SACRAMENTO — Federal prosecutors announced a statewide auto insurance fraud crackdown Thursday, charging key figures in an alleged multimillion-dollar kickback scheme involving several legal offices and more than 100 chiropractors, about half of them in Los Angeles.
Following a nine-month investigation, the U.S. attorney's office here charged four attorneys, two law office administrators and a Hollywood chiropractor who administered a network of clinics with defrauding the lawyers' clients and insurance companies of nearly $18 million.
U.S. Atty. Charles J. Stevens said the probe has identified at least 175 other suspects and that more charges will follow.
Stevens urged "cheaters to come in from the cold" and said: "We find everybody who has done this. We will prosecute them, and those who don't cooperate with us will spend a significant period of time in jail."
In a novel approach to battling insurance fraud, a task force of federal and state investigators, assisted by several insurance companies, targeted the collusion of lawyers and medical providers in defrauding both insurers and their clients through a system of kickbacks and inflated medical billings.
Even though many of the auto injury claims may have been fraudulent, Stevens said investigators nonetheless ignored the possible culpability of claimants, treating them instead as victims "sold out by their attorneys." The prosecution will focus solely on the flow of money between the lawyers, the doctors and so-called cappers--agents who charge fees to deliver accident victims to lawyers.
The schemes that prosecutors described Thursday used methods similar to ones that authorities have been uncovering for years in Los Angeles and other big cities. However, the current probe disclosed a level of refinement, an audacity and a scope that is rarely seen, investigators said.
For example, they said, specialized squads of cappers were used to recruit accident victims from different ethnic groups, including Russians, Filipinos, Southeast Asians and Latin Americans of various nationalities.
Authorities outlined one complicated scheme involving inflated medical billings orchestrated by Hollywood chiropractor F. Mordechai Banayan, 48, against whom a federal grand jury Thursday returned indictments on one count of conspiracy and nine counts of mail fraud.
Banayan, who had more than 100 chiropractors under contract statewide, received $2 million in insurance payments from the Beverly Hills law firm of Baumann & Rose but returned $1 million to the law firm as kickbacks, the charges state. He allegedly forged the signatures of Baumann & Rose clients to whom the insurance checks were made out, and then cashed the checks at check-cashing facilities.
After that, Stevens said, Banayan would "throw the cash into a sack and walk it back to the attorneys."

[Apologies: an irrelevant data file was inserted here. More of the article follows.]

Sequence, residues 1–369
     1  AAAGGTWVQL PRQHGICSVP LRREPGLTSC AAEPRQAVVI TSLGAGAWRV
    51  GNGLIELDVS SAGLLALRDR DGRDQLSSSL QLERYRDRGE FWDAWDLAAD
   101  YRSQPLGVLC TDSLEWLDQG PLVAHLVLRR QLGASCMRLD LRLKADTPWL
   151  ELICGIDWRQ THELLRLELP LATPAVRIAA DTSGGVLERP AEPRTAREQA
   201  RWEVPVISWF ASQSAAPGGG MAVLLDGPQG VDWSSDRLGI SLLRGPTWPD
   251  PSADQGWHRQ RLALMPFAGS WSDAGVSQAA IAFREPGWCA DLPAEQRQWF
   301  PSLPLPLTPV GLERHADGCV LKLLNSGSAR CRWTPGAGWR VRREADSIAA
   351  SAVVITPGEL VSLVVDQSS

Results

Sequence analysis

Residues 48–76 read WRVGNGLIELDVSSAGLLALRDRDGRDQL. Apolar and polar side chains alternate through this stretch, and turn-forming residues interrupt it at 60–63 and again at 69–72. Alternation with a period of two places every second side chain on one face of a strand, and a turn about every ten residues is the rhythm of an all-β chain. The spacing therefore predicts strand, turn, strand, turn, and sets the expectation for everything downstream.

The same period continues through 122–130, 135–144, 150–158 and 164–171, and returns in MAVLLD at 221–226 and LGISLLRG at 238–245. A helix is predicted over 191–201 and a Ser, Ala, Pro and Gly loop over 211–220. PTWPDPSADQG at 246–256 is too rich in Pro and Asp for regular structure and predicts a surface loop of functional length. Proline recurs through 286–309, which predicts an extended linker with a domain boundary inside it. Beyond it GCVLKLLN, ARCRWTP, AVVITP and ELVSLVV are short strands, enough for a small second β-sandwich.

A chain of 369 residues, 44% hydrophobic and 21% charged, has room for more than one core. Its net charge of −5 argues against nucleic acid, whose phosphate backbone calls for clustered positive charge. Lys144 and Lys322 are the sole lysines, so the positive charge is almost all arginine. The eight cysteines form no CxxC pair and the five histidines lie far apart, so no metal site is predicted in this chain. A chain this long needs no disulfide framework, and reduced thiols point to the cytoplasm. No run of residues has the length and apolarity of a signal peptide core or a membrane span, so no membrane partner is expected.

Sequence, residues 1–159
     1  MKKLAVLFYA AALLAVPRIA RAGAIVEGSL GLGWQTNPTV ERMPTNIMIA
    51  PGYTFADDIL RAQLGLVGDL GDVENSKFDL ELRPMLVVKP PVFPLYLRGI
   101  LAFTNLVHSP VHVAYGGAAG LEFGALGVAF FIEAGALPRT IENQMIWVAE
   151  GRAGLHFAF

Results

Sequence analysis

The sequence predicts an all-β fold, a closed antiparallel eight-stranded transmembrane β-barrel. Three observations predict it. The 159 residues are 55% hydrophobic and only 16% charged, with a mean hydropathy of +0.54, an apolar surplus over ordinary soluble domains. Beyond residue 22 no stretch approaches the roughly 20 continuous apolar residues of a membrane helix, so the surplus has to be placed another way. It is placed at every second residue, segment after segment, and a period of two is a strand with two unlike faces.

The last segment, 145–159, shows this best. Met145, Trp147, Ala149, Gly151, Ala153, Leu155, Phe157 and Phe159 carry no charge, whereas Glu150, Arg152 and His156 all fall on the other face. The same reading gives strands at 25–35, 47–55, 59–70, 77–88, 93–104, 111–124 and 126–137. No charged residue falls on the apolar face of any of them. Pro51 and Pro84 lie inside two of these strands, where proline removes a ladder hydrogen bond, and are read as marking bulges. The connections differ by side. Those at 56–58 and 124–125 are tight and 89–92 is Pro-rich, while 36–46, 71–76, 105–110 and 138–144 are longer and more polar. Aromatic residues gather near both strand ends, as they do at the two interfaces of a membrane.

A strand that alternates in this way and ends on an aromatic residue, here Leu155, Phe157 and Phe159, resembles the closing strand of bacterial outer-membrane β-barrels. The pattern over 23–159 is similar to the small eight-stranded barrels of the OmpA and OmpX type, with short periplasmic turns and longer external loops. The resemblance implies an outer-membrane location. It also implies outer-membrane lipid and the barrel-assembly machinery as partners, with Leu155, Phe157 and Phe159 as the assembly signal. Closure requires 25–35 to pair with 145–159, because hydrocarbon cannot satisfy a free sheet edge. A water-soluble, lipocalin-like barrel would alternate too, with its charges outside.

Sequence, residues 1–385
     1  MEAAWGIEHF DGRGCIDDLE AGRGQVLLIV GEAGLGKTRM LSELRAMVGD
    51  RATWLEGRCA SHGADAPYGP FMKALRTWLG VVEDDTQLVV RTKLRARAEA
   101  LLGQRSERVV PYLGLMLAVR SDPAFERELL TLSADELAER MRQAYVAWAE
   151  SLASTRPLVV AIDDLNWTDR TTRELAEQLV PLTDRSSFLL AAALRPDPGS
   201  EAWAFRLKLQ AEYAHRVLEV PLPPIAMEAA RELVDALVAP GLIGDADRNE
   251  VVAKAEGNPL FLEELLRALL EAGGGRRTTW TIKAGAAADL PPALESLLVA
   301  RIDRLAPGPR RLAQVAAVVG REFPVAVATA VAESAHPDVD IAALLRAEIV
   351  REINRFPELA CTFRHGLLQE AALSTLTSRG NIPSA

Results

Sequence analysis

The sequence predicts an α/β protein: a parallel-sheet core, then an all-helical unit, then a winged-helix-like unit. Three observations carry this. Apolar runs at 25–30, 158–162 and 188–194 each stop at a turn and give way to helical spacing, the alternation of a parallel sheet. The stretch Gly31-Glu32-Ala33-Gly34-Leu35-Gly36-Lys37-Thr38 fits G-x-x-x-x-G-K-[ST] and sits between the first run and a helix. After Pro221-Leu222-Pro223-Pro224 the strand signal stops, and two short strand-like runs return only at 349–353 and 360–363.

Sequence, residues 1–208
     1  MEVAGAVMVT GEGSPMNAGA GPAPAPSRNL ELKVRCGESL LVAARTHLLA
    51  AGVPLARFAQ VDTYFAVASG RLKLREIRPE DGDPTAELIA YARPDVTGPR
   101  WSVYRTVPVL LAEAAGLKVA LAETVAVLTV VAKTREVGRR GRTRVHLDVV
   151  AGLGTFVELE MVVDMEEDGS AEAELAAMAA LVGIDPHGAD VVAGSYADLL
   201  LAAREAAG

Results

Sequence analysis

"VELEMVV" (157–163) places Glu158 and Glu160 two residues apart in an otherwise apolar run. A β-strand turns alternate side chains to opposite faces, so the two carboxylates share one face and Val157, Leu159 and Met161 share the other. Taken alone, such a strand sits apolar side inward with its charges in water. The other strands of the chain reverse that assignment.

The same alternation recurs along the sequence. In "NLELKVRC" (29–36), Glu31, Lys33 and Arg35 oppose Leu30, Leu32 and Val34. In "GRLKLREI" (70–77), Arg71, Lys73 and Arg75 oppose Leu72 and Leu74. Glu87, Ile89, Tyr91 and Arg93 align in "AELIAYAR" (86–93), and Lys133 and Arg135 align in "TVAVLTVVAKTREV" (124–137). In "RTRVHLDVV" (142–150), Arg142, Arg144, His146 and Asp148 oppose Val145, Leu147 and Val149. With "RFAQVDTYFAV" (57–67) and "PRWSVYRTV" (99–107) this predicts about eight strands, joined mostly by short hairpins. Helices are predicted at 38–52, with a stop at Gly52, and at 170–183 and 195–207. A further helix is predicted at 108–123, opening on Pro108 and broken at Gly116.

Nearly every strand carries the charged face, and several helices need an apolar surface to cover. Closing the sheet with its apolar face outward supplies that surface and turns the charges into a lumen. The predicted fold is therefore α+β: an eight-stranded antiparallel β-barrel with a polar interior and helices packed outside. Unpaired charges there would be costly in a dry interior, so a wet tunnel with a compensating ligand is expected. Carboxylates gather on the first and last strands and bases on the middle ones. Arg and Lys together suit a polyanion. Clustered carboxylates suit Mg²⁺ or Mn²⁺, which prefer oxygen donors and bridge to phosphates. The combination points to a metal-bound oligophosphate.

Most of the medical center kickbacks and nearly all of the lawyers' payments to cappers were in cash, authorities said. Sometimes at Baumann & Rose, "cappers would be lined up in the lobby waiting for payments," one of the prosecutors said. Eventually, he added, the firm became safety-conscious and doled out the money from a blue safe in one of the lawyers' offices.
The principal of Baumann & Rose, Stanley J. Baumann, was charged Thursday with one count of mail fraud.
Baumann's brother Aaron Baumann, administrator of the law firm, and Aaron Baumann's wife, Jane Baumann, were both charged with one count each of mail fraud and tax fraud.
Stevens said Banayan's company, Maimonides Health Center, also paid other lawyers for referrals. He said that the Baumann & Rose firm had received at least $12.5 million more in kickbacks from other, unnamed medical providers.
Also charged with mail fraud were Monroe Zalkin of Miami, who is alleged to have run the Baumann & Rose office in San Diego, and E. Andrews Matyas of Beverly Hills.
Monroe was also charged with one count of tax fraud and Matyas with one count of filing a false report on the amounts of money paid to medical providers.
A fourth lawyer, Thomas Patterson of Santa Ana, who was charged in June, pleaded guilty Thursday to one count of mail fraud and was cooperating in the investigation, said Assistant U.S. Atty. Daniel S. Linhardt, who is handling the case.
In some instances, prosecutors said, the schemes were set up by law office administrators who bought the use of a lawyer's name to milk insurance companies.
In entering his guilty plea Thursday before U.S. District Judge David F. Levi, Patterson said he hired an administrator to run his office and later discovered that the administrator was receiving kickbacks from Banayan.
Patterson said he eventually put a stop to the practice, but had allowed the improper use of his name to continue for about 18 months.
Stevens said he could give no information on possible plea agreements in the cases filed Thursday, but said that the U.S. attorney's office typically files charges, rather than seeks indictments, when a plea is likely.